It’s also important to remember that a treatment provider is getting a biased perspective on what’s going on at the workplace, or in the return to work process. They are usually only hearing mainly from their patient. And so again, you hold a really unique position, in that you have a much wider lens on what’s going on. So again, being able to provide that education around the whole process, and the elements that are coming from other stakeholders can be really helpful for making sure that treatment providers, when they’re making their decisions, understand everything that’s going on.

And this final point is really just a small logistical point. But really trying to make it easy for a treatment provider to communicate with you, goes probably much further than you realise. It’s not always easy, I guess, to be able to find the information that you need us to provide to you. So, if you can make it as easy as possible for us to communicate back to what you what you need, then you will be more likely to get that information quickly and accurately.

OK, so there’s some of the basics. Now I wanted to talk about some questions that I think are most likely to get you the information that you need to firstly set up the return to work process, and then guide the return to work process as you’re going through.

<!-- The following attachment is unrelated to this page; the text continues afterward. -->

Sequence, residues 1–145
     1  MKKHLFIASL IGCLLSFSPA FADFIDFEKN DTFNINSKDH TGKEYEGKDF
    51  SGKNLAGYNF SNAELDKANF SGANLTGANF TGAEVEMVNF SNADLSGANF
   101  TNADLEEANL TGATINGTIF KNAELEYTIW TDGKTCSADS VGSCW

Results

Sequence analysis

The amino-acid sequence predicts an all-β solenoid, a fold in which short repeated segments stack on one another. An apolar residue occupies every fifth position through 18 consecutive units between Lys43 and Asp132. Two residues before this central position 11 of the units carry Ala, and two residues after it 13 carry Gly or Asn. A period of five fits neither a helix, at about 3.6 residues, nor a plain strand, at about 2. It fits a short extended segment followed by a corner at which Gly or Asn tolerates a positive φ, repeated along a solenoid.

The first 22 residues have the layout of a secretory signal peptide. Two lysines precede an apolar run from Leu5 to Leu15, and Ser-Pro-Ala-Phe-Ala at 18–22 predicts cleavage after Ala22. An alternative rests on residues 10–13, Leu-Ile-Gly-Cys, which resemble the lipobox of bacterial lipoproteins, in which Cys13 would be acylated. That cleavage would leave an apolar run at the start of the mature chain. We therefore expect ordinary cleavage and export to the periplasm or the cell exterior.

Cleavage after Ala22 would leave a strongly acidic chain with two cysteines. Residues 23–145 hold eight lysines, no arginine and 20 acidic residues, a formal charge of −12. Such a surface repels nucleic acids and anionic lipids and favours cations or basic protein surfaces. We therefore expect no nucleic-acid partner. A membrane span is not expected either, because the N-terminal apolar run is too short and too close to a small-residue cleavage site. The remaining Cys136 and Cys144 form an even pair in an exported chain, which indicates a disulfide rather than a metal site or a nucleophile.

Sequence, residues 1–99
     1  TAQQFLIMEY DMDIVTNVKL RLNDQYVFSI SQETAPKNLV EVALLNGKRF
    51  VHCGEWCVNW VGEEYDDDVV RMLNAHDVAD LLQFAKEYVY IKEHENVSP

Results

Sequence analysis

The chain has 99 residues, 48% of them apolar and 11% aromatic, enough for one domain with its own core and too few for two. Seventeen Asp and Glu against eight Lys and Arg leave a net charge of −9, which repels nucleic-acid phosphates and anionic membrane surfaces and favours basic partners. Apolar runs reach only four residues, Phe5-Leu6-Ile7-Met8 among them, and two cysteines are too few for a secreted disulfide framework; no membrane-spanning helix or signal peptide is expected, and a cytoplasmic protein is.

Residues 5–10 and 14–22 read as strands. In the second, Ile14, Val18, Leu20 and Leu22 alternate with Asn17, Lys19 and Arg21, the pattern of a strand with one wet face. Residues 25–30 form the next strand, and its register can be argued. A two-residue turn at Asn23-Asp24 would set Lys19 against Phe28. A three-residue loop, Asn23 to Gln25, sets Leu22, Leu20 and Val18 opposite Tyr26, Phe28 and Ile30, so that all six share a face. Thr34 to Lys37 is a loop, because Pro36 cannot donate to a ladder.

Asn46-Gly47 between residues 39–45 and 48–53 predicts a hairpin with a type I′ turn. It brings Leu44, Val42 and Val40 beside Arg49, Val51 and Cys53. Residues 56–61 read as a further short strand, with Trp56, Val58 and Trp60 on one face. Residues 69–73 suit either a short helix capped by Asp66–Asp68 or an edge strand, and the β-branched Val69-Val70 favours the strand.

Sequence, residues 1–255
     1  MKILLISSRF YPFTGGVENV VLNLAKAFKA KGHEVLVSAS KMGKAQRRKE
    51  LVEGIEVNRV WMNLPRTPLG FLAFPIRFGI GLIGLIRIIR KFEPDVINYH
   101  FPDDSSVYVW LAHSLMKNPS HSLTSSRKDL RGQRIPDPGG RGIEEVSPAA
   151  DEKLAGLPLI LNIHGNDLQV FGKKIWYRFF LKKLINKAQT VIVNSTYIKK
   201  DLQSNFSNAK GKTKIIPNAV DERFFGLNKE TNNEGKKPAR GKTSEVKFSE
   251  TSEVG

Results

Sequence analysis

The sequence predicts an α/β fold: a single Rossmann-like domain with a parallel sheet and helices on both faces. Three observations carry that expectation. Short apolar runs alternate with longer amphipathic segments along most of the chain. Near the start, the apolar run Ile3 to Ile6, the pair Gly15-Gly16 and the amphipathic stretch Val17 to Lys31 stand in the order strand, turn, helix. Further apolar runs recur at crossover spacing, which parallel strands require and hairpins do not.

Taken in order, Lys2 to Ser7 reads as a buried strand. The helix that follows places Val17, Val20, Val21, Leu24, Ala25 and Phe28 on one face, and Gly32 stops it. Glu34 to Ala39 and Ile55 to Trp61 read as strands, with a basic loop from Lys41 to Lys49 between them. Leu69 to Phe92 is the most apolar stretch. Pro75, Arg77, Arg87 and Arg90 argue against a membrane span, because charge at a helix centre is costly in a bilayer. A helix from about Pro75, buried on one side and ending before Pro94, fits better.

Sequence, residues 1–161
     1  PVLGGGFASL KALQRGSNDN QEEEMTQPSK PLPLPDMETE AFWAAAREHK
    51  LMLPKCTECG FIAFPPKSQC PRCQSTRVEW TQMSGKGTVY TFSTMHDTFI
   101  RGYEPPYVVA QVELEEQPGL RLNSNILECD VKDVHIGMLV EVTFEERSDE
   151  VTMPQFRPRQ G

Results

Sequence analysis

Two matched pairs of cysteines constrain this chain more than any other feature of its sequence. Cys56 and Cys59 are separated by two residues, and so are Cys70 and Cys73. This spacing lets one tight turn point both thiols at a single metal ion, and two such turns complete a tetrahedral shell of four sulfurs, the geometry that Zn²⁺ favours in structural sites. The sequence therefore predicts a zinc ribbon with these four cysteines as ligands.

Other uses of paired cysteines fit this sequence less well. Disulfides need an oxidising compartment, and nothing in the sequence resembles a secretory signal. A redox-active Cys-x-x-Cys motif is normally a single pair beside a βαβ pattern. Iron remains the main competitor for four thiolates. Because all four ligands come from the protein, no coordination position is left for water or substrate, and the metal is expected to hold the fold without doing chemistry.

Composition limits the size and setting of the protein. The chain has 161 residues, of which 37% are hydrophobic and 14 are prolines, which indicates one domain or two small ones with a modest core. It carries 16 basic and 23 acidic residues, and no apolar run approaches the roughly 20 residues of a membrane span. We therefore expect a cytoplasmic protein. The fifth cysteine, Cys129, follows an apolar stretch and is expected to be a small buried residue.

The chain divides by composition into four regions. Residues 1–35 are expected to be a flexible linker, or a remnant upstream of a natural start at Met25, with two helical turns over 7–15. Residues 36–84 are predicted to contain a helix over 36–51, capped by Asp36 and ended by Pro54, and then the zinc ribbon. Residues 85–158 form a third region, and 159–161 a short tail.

So, I do get asked by a lot of insurers and employers and rehab providers, what the diagnosis is for my clients that I’m working with. And I’m happy to provide that. But I actually sometimes wonder how helpful knowing the diagnosis is in guiding the return to work process is. A diagnosis is really just a label for a bunch of symptoms. And so, I think that a more effective question could be asking about what all the factors are that are currently contributing to a client’s distress. It gives you a more holistic picture of what’s actually happening for that client, and also gives you the ability then to figure out, OK, what might be some things that could change that would facilitate this person’s return to work?